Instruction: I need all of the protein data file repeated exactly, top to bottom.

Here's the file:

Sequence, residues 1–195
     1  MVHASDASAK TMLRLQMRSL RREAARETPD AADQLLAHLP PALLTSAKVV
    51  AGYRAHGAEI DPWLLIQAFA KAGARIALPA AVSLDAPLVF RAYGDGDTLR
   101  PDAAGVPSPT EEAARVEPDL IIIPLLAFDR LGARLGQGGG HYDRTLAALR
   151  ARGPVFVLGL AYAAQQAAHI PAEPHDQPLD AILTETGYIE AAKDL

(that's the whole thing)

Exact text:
Sequence, residues 1–195
     1  MVHASDASAK TMLRLQMRSL RREAARETPD AADQLLAHLP PALLTSAKVV
    51  AGYRAHGAEI DPWLLIQAFA KAGARIALPA AVSLDAPLVF RAYGDGDTLR
   101  PDAAGVPSPT EEAARVEPDL IIIPLLAFDR LGARLGQGGG HYDRTLAALR
   151  ARGPVFVLGL AYAAQQAAHI PAEPHDQPLD AILTETGYIE AAKDL